Hey, everybody: A few months back I departed from the usual advice-column Q & A and, taking full advantage of E-mail technology, experimented with a new, genre-busting format: Question & Response & Response. The experiment was a success, and many of you wrote in and suggested that I switch Savage Love over to Q & R & R. I declined to do so, I wrote at the time, because Q & R & R is a lot more work than good ol’ Q & A. But…after careful consideration, some market research, and a few focus groups, I’ve decided to run Q & R & R columns on a semiregular basis. Enjoy.
I just moved in with someone I didn’t know in New York City. I would’ve preferred to move into my own place, but I’m poor. Now, a week into living here, I find out my roommate is gay. I’m not. I’m leaving. I think he should have told me he was gay before I moved in. Who’s the asshole?
–Pissed Off in NY
Unless your big, gay roommate threatened to rape your tiny, straight butthole, you’re the asshole. If you simply can’t live with gay men, POINY, you might want to get the hell out of New York and move to some godforsaken shithole no self-respecting gay man would be caught dead in. Like Iowa. There are an awful lot of gay men in New York City, and while you can run from your gay roommate, you can’t hide from the rest of us. Sooner or later you’re gonna have to get a haircut or eat in a restaurant or ride on a subway and…guess what? When you do, there are gonna be gay men checkin’ out your butt. Why not stay put and get used to it?
I can’t believe you wrote me back. Honestly, so many classified ads for roommates advertise a person’s sexual preference. I guess I thought it was a normal disclaimer, that if someone was gay he told you before you moved in.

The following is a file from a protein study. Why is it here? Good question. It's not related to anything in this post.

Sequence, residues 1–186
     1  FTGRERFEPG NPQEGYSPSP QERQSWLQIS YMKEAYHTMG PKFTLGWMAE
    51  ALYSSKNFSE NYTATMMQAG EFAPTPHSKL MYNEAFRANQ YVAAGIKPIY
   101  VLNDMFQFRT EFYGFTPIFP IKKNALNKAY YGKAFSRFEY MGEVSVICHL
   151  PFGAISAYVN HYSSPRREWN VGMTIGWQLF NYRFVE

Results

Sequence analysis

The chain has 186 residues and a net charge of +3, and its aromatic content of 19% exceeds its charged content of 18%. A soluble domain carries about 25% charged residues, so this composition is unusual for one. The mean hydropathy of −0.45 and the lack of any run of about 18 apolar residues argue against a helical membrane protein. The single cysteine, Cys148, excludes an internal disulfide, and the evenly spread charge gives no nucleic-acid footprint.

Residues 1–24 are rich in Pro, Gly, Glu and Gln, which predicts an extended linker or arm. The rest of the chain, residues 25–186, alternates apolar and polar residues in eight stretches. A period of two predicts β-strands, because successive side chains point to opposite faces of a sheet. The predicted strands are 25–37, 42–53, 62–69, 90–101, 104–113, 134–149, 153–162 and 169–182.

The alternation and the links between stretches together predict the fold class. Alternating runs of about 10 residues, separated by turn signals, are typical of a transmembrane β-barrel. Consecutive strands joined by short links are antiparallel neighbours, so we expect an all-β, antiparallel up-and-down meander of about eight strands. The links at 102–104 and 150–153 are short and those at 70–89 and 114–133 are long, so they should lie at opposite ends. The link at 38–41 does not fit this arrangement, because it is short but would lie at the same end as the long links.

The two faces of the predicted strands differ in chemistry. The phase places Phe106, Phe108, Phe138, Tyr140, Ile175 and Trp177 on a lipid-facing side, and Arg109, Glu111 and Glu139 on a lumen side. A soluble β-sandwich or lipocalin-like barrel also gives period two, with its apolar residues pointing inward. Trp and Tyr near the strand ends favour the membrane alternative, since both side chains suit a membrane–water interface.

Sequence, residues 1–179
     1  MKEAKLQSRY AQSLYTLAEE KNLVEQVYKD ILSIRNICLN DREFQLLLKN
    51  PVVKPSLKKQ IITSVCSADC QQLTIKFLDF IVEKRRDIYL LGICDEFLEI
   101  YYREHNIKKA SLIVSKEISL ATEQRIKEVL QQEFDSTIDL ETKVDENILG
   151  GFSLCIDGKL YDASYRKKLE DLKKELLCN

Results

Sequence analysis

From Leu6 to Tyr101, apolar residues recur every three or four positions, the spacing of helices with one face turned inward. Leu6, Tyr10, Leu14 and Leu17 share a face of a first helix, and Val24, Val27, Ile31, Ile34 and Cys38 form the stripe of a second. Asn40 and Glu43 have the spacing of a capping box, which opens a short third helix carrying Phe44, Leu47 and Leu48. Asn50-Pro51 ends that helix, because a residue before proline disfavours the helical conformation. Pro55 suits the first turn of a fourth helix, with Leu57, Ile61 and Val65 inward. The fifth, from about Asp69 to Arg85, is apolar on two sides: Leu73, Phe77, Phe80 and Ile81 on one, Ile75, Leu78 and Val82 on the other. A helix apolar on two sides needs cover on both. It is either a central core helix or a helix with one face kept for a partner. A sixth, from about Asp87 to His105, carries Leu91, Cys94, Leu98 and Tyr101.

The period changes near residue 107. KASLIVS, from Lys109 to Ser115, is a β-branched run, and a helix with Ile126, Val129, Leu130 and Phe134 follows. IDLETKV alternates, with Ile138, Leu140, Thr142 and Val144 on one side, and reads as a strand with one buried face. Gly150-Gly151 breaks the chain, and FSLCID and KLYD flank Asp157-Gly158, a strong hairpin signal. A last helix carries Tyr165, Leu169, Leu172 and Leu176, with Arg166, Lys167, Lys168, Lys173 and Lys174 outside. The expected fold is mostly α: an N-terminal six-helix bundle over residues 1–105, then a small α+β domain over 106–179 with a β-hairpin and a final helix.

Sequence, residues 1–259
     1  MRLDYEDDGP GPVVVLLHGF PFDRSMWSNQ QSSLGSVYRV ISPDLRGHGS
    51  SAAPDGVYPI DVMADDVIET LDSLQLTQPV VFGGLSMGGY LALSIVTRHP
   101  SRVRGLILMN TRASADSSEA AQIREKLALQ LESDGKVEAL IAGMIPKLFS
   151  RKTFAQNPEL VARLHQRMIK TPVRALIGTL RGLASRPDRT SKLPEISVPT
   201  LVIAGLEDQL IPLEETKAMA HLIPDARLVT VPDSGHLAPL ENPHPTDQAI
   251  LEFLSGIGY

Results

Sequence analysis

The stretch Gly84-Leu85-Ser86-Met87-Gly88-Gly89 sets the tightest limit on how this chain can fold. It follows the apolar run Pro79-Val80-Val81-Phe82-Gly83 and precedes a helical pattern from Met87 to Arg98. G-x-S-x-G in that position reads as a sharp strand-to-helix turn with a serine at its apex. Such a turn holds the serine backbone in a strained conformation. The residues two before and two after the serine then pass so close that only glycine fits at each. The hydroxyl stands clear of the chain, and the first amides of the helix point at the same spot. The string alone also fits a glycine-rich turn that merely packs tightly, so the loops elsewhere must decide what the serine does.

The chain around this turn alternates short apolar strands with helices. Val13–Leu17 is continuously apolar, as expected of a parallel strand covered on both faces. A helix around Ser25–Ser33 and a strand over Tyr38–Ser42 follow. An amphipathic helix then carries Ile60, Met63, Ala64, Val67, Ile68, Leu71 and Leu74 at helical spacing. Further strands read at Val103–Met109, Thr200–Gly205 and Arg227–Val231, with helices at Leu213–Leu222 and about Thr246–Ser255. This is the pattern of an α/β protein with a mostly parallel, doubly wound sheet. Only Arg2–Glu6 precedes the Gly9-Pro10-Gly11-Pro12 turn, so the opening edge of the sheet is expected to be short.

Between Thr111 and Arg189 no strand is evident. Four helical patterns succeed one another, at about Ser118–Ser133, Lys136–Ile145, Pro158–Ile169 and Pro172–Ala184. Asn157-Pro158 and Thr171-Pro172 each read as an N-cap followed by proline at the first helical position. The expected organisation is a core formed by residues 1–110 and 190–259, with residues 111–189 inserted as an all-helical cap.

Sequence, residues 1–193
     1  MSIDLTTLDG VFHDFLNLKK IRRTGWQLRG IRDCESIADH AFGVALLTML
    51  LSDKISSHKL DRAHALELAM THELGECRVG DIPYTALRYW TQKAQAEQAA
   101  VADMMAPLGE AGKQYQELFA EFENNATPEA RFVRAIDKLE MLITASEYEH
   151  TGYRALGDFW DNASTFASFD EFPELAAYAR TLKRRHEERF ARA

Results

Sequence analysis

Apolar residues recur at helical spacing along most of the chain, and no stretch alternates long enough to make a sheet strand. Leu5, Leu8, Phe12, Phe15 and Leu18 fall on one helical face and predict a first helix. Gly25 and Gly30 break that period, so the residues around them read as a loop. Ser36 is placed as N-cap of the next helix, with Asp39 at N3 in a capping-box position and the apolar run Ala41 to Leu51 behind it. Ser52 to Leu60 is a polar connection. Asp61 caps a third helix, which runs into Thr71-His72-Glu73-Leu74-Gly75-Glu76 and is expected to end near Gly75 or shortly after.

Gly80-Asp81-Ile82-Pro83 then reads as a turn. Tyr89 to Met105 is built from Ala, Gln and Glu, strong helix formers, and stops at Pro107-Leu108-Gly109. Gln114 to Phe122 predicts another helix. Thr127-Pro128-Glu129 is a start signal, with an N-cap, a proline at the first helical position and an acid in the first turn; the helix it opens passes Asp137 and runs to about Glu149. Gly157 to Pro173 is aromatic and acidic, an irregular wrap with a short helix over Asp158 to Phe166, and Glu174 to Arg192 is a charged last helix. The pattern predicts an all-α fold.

I’m sorry, POINY, but your response to my response was wholly unsatisfactory. Why do you feel you have to move? Are you afraid of gay men? Did your roommate put the moves on you? What? I’m curious because I’ve shared apartments with straight guys and it’s never been a problem. Their girlfriends hung out, my boyfriends hung out, the rent got paid–no problem. So what’s the problem?
Honestly, here’s the scoop: The first day I move in, Mark, my new roommate, asks this guy who’s doing me the favor of driving my stuff around in his pickup truck if we can swing by and pick up some stuff of Mark’s in Harlem. That annoys me right off. Then Mark tells me he can’t find keys for me, but he assures me he’ll be there all day. I go out with my girlfriend, come back, and…he’s gone. We had to climb through the window. The next morning, Mark’s CD alarm clock goes off at six in the morning–really loud–and Mark isn’t even home. I go to work, and when I come home, Mark’s torn up all the cardboard boxes I moved in with to make some sculpture. His little project leaves behind a brown puddle which has been sitting on the kitchen floor for four days now. The first day I moved in there was a half-eaten tray of Chinese food, which sat there until I saw roaches on it and threw it away. This morning I’m woken at 6 AM by Mark blasting Tori Amos. All of this was the precursor to me being pissed off after stepping in the brown cardboard puddle, walking into the living room, and noticing his big stack of gay porn mags sitting in a corner. It was the last straw.